Prof. Pim Valkenberg
Fethullah Gülen, if we stop using the convenient but theologically problematic term “Gülen Movement”? The only term that should certainly be included, would be the term “service”, derived from the Turkish word hizmet, and used by Fethullah Gülen himself.
Although social scientists seem to agree on using the word “movement” to describe the organization of the supporters of Fethullah Gülen, this term may give a wrong impression if it is seen as an organization with a central authority. But one of the things that everyone studying the movement agrees on is that there is no central authority: Gülen does not decide what is to be done, nor does he own the movement or one of its parts. Bekim Agai suggests that we should speak about a network of closely related small organizations in which personal relations determine the coherence of the network. I often observed how the members of the oldest generation of Gülen’s students, for instance in İzmir, are highly respected in Hizmet. They are the “elder brothers” whose stories about the beginning of Gülen’s ideas and activities form important frames of reference for the discourse of the community.Since the hizmet network does not have formal positions of authority, it is not correct to speak about Gülen as its leader or its president. Some of the organizations, such as the Rumi Forum in Washington D.C., for instance, call Fethullah Gülen their “honorary president”, but this is only an honorary title indeed. Gülen does not govern one of these organizations, nor does he have any financial interest in them. The same holds true for the schools founded by the Hizmet movement. One will not find any reference to his name, apart from the stories that some of the older hizmet educators will tell. But, as Agai noted in his research, only some of the teachers in the schools that adhere to the hizmet network are aware of the role that Gülen's ideas played in the foundation of these schools.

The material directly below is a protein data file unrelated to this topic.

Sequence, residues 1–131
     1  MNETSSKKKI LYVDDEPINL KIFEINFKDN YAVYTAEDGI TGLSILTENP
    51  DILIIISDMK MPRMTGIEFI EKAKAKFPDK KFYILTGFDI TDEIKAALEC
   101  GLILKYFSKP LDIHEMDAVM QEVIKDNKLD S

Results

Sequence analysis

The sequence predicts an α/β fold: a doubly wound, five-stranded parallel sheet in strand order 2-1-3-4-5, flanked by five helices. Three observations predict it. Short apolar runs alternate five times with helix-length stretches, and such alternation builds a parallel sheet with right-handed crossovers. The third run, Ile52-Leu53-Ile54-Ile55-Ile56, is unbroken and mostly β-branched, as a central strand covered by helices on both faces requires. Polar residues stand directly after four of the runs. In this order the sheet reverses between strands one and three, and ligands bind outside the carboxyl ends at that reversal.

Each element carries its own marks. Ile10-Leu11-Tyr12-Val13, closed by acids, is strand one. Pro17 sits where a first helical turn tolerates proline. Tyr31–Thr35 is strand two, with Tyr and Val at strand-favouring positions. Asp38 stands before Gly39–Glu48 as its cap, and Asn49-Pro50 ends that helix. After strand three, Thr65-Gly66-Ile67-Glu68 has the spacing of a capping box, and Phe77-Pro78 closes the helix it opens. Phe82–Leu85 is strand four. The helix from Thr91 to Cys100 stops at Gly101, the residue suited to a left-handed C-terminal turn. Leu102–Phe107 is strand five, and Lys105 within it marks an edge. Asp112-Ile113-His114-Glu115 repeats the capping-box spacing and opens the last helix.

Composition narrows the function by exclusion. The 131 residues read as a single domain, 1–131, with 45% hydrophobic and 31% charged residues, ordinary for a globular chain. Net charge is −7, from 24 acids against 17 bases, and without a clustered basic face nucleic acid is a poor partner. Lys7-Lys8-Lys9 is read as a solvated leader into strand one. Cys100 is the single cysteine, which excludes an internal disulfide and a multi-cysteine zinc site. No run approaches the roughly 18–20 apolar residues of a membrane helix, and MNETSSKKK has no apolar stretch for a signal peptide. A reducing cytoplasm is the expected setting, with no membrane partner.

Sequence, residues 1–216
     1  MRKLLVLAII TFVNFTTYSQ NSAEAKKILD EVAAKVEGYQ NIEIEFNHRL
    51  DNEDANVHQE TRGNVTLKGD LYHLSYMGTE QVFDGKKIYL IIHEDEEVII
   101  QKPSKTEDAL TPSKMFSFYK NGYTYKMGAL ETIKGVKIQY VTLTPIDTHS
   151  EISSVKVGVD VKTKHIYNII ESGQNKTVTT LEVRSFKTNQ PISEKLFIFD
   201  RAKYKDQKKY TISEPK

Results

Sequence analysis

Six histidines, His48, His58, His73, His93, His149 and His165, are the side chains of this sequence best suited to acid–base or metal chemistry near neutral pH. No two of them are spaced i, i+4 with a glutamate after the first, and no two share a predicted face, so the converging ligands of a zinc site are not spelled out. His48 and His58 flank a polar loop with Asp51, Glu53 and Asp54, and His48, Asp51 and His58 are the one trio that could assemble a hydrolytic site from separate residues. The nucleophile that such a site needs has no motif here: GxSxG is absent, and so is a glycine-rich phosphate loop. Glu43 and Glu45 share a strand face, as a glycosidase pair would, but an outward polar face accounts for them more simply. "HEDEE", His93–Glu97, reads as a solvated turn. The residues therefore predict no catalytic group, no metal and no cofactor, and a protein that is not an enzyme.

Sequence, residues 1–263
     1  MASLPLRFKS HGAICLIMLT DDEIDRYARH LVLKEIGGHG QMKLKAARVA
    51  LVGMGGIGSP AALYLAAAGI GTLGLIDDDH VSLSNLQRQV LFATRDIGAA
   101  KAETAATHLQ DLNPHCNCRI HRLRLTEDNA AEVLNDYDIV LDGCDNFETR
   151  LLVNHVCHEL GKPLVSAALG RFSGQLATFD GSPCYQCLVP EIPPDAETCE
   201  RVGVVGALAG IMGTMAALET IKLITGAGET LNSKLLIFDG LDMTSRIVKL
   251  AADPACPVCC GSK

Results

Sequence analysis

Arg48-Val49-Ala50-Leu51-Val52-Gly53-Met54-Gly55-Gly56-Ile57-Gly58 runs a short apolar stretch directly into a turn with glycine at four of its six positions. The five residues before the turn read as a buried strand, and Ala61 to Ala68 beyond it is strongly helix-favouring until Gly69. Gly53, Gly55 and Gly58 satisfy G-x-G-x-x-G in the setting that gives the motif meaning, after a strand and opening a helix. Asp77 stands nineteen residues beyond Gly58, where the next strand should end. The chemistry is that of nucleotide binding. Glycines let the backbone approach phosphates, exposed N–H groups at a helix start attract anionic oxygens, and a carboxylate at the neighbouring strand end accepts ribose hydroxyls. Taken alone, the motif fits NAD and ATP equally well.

From the article titled "The Gülen Movement as “Network of Faith-based Service Communities” in the Dialogue between Muslim and Christian Religious Traditions" which was presented by Prof. Pim Valkenberg at the conference "East and West Encounters"